The first problem is pitting the ‘Left’ against the ‘Right’. In reality when you get to the far left of the spectrum, or the far right, you end up at the same place, Totalitarianism. That is the great deception. People feel they have two choices, Right vs. Left, or Liberal vs. Conservative, etc. But today Satan has set up both roads to lead to the same place. And, contrary to the author’s opinion, Ezra Taft Benson and others have condemned both ‘sides’ for their wickedness. Although it is true the ‘Left’ has been more heavily targeted, and rightfully so as they more openly fight against God, Family, and morality.

    The author shows a significant flaw in thinking when he writes, “In addition, whose agency is being violated by the redistribution of wealth by a democratically controlled government?” This teaches that anything is justified by a democratic majority. We do not live in a Democracy!! We live in a Republic! Did the author just say it is just for me to take your money as long as our representatives were democratically elected? What if the majority decided to put the author in front of a firing squad? Would this be ok? Would agency be violated? After all it was done democratically.

    “Give me Liberty or give me death!” Yes, we should all rather die than violate others rights in order to provide securities and comforts. Reading the comments, many people disagree here. I will give you my food if you are starving. But I will not forcefully take your food for someone else who is starving. Big difference! I can choose to be charitable, but it is not just to force others to be charitable. Our purpose on earth is not to merely exist physically. If it were than a Socialist system that put enough food on the table and a roof over our heads would be sufficient. But it is more important that we learn principles of work and charity (contrary to the comments, socialism has nothing to do with charity).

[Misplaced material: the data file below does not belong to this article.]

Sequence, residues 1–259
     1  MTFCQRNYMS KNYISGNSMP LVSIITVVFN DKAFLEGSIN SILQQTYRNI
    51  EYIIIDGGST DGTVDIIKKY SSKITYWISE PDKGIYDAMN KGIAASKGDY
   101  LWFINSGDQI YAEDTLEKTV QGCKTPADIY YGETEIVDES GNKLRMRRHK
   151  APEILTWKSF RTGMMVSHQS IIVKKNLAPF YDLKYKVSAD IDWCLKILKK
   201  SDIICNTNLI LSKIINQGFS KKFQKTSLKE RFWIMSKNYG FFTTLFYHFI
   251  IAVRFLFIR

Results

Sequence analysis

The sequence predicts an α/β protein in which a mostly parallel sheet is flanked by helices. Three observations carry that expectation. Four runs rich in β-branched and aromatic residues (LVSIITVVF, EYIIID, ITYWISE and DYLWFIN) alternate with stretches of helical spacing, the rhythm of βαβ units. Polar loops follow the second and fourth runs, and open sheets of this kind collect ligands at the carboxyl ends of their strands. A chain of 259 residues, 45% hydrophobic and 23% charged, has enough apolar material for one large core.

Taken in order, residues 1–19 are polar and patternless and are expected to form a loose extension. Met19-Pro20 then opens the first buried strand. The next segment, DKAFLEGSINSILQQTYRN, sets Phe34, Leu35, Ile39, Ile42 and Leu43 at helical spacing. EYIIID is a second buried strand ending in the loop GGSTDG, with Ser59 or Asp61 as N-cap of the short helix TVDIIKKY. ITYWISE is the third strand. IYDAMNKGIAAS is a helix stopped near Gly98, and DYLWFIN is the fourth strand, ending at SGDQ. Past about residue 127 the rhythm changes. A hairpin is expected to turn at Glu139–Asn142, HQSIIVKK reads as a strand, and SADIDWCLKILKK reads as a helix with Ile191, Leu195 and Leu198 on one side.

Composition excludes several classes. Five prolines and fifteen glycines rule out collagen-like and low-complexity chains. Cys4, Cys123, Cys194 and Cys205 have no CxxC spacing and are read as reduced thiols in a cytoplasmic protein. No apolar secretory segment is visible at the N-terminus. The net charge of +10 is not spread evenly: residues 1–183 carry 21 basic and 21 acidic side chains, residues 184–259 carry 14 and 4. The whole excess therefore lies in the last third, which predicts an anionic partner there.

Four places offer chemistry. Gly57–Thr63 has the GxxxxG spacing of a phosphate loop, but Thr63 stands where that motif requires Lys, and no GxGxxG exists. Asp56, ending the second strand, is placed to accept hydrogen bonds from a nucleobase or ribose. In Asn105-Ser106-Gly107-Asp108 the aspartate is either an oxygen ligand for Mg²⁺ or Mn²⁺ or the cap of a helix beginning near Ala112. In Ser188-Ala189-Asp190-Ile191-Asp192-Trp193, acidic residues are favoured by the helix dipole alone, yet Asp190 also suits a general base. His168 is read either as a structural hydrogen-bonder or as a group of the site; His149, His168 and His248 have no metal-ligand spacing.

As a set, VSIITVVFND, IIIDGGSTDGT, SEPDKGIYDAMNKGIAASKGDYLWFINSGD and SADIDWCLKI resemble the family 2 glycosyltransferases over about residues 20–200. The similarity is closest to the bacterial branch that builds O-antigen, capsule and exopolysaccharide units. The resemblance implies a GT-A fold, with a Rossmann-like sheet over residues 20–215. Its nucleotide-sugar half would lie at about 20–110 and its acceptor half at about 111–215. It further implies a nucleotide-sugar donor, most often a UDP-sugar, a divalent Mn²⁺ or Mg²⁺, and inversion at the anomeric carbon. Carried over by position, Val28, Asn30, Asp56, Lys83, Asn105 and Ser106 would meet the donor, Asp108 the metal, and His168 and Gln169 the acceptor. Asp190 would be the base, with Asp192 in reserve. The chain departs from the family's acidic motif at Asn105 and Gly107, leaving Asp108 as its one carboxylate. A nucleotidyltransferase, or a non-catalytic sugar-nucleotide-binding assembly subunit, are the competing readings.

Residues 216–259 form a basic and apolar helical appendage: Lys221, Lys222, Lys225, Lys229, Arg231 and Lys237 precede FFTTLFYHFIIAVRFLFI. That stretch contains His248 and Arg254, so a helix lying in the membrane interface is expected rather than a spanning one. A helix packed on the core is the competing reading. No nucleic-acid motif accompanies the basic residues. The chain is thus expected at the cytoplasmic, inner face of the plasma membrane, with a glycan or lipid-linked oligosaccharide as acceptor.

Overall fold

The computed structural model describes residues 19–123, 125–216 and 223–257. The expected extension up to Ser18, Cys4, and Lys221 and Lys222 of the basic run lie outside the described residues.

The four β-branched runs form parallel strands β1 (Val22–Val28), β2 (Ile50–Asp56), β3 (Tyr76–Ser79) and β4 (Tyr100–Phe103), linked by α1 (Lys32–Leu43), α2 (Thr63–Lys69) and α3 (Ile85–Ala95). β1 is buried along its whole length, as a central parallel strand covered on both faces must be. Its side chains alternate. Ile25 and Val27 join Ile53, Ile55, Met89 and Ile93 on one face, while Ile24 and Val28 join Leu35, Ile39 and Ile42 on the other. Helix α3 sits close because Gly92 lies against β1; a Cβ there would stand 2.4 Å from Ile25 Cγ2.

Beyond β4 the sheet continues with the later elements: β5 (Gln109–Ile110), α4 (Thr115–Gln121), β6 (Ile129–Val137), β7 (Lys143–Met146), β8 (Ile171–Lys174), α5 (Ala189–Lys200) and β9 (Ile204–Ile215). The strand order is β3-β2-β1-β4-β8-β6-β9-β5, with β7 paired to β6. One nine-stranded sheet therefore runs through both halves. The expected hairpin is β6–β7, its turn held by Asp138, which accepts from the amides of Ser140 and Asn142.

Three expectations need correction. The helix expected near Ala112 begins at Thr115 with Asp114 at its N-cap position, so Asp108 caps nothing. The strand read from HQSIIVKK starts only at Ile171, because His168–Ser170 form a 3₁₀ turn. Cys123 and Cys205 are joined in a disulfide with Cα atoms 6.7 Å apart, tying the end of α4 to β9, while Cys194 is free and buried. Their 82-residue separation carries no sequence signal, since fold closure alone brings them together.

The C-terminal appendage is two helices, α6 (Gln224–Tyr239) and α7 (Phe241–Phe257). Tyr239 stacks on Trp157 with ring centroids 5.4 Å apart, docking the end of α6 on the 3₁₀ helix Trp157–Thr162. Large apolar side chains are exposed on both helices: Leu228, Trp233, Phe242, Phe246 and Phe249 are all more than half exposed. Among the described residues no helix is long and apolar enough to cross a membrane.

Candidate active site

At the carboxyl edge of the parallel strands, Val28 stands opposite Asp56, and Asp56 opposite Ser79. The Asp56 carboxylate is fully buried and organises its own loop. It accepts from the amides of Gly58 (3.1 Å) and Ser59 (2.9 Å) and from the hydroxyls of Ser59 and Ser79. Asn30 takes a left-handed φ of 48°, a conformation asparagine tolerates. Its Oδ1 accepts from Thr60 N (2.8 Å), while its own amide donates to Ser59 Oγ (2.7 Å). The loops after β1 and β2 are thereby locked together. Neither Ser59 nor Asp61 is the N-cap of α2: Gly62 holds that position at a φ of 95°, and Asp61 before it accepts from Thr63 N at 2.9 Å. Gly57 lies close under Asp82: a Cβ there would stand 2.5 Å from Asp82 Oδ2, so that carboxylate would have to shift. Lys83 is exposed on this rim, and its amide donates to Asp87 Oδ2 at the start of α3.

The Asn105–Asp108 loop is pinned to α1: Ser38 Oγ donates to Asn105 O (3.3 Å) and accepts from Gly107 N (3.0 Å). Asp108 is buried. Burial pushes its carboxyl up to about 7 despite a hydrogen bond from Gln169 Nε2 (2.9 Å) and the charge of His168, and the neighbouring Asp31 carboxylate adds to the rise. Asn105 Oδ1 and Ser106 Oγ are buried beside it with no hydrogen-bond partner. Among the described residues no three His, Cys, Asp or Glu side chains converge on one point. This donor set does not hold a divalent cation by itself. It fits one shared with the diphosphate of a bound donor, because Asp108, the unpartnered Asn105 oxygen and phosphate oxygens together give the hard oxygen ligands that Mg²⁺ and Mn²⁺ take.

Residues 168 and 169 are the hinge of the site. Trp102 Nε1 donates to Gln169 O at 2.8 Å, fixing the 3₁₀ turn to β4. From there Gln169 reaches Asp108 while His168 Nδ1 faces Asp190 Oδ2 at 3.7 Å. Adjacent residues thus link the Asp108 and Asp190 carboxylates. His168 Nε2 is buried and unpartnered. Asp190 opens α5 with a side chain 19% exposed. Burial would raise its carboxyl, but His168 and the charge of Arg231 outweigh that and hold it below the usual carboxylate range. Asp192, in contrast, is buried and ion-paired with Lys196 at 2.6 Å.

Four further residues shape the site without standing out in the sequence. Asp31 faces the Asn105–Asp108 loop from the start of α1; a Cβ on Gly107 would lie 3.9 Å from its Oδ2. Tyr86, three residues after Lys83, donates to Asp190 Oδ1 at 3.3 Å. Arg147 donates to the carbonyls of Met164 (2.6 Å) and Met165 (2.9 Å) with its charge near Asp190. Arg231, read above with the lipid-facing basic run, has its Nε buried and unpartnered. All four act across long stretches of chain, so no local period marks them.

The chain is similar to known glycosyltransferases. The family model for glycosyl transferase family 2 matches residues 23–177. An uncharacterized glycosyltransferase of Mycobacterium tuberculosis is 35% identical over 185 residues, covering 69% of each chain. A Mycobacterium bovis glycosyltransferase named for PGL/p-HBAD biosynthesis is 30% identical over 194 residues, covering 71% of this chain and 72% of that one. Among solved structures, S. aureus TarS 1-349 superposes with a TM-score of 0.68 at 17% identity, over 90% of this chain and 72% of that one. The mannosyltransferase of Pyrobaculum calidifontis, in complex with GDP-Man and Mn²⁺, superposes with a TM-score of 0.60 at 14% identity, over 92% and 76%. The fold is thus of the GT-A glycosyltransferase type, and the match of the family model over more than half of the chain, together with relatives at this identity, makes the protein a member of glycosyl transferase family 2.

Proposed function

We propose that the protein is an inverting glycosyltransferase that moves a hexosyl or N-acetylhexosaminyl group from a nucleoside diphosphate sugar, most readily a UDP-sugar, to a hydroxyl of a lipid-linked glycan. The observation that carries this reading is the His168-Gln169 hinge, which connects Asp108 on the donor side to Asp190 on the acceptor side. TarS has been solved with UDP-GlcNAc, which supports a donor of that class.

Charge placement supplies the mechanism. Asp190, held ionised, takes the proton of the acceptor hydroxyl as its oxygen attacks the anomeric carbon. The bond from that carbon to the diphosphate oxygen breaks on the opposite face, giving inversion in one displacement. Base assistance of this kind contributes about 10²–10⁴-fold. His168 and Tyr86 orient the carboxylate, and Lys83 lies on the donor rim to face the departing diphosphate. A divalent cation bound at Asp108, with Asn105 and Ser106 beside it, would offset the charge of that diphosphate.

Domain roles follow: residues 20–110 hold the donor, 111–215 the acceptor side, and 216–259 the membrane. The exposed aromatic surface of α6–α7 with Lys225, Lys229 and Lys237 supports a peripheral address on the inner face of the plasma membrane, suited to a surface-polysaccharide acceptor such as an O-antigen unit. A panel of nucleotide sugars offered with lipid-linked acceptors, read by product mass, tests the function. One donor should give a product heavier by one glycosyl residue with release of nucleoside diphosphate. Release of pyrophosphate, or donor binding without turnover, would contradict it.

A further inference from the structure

“If the Constitution is an inspired document, then it would seem that the state is an appropriate vehicle for the transformation of society.” The Constitution was not created to promote anybody’s idea of social reform. It was set up to protect rights, nothing more, nothing less.

  8. J. Madson says:


    you may want to consider that the flaw in thinking you observe may not be a flaw but a difference in opinion over what is a right. The author may not believe property is a “right” whereas life is.

    As to democracies, yeah the US is a republic which is a representative democracy. We do democracy through representatives because on like the Greek Polis we are large and it would be very unmanageable. But lets not pretend that we are not a democratic form of government.